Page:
Peter Markowich is a mathematician who likes to take pictures. At first his two interest seemed completely separate to him, but then he realised that behind every picture there is a mathematical story to tell. Plus went to see him to find out more, and ended up with an introduction to partial differential equations. This podcast accompanies the article Universal pictures.
Chuck Gill caught the space bug as a child when watching Alan Shepherd launch into space. Since then he's worked as a US Air Force navigator, a satellite operator, and in the US intelligence service. These days he's busy reducing carbon emissions and preparing London for the 2012 Olympics. Plus went to see him to find out more about his career. This podcast accompanies the career interview from issue 48 of Plus.
The biggest physics experiment ever — the Large Hadron Collider (LHC) — is due to start on September the 10th. The LHC is a particle accelerator. It's a 27km underground tunnel located near Geneva at the European Organisation for Nuclear Research (CERN). Protons will be sent racing through the tunnel on collision course with each
other, and scientists hope that the remains of these collisions will answer some of the biggest secrets of the Universe.
Watch this space for more information. Meanwhile, you can find out more in the Plus articles
The Channel 4 programme Countdown has started the search to find an arithmetician for the new series in 2009.
If you are a number-cruncher yourself, you could be just what they're looking for. Find out how to apply on their website. You don't have to be female and you don't have to have been on telly before, but you do need to have a way with numbers and lots of charisma. The closing date for applications is the 19th of
Zipf's law arose out of an analysis of language by linguist George Kingsley Zipf, who theorised that given a large body of language (that is, a long book — or every word uttered by Plus employees during the day), the frequency of each word is close to inversely proportional to its rank in the frequency table. We thought we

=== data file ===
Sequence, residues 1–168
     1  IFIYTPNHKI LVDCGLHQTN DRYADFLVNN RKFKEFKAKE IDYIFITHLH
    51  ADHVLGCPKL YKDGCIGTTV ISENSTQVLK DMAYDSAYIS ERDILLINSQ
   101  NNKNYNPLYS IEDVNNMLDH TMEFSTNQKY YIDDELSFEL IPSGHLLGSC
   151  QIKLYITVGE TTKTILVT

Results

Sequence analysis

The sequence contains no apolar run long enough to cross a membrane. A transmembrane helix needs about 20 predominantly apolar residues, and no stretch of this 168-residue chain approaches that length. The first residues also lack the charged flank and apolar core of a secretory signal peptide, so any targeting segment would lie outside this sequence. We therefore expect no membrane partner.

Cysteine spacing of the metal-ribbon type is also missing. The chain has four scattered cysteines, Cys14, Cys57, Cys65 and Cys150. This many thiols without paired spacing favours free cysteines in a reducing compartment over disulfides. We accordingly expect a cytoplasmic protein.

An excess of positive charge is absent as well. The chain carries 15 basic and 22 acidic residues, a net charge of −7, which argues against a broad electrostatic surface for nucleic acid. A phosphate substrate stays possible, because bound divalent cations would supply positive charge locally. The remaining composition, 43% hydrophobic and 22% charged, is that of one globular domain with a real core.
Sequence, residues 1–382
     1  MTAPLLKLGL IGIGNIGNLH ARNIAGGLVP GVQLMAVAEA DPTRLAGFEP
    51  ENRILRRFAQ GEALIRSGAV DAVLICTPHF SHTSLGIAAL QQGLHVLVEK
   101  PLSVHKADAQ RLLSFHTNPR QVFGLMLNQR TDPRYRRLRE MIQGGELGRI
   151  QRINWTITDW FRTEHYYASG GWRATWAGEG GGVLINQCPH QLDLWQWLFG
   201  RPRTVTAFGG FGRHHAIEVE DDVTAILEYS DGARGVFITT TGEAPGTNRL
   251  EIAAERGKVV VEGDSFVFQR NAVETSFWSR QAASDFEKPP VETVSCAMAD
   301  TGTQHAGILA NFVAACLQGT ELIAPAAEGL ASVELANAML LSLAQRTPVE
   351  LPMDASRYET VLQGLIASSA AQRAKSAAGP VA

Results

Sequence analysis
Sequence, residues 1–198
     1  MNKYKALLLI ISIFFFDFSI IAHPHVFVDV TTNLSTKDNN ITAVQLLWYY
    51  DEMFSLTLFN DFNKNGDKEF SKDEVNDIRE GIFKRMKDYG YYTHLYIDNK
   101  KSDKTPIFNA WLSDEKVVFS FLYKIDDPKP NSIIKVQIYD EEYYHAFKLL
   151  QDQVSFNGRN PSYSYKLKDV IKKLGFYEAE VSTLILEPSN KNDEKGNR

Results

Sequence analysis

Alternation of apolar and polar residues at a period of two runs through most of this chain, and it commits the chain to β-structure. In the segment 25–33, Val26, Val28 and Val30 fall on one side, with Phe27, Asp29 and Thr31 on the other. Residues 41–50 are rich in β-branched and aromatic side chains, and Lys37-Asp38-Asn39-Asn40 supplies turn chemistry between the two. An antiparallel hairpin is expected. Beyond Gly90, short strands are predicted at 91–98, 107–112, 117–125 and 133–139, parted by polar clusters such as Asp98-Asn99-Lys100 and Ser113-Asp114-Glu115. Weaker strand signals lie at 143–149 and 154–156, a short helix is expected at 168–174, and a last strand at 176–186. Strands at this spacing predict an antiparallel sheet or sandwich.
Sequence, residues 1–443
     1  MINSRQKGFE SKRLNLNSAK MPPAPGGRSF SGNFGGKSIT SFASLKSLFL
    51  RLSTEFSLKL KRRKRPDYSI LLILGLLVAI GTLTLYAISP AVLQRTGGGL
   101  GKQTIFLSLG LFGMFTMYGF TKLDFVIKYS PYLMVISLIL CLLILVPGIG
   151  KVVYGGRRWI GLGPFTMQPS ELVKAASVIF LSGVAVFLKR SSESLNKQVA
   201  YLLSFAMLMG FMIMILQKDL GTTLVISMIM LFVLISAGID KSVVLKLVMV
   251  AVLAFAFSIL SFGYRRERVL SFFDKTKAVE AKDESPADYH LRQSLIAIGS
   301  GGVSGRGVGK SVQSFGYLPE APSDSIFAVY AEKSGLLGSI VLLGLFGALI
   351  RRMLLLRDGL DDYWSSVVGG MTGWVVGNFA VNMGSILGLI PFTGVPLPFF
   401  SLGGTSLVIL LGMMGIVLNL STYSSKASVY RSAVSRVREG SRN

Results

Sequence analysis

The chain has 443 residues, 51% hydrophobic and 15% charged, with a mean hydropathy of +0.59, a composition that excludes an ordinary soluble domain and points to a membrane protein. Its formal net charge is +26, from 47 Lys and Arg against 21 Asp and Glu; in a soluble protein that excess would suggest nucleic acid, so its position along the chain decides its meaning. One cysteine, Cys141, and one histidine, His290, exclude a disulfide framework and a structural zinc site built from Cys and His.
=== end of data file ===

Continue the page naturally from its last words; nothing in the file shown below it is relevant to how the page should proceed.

would test this out on Plus. What does this imply about how we use language and how it evolved?
Is it really a mystery? I have at least one idea off the top of my head.
Since one of the ways you can construct power law distributed networks (competitive scale networks) is through growth/decay rules (e.g. the next added link will have the highest probability of connecting to the node with the higher degree or existing connections) and thinking a little about how language evolves by adopting and abandoning words, it seems likely that words frequency could follow a
power law because they are added to and removed from over time with a similar set of rules (at some level).
The only question is what exactly do such network nodes and their degrees map to?
Nodes seems map to words or perhaps the idea represented by the word or word-sound or word-ideas. If the nodes map to ideas then there is also a link to memes and various mind-external scale-free structures.
Nodal degree seems to related to usage of the word - either simply the frequency of usage or something deeper that results in that frequency.
Mathematics is often used to study evolution, whether that be the evolution of animal species, the evolution of viruses or the evolution of language. A recent study has taken this one step further by modelling the evolution of national cuisine, and it was found that even though there are wall-to-wall celebrity chefs on television these days trying to broaden our culinary horizons, our cultural
cuisines are largely the same as they were almost 100 years ago.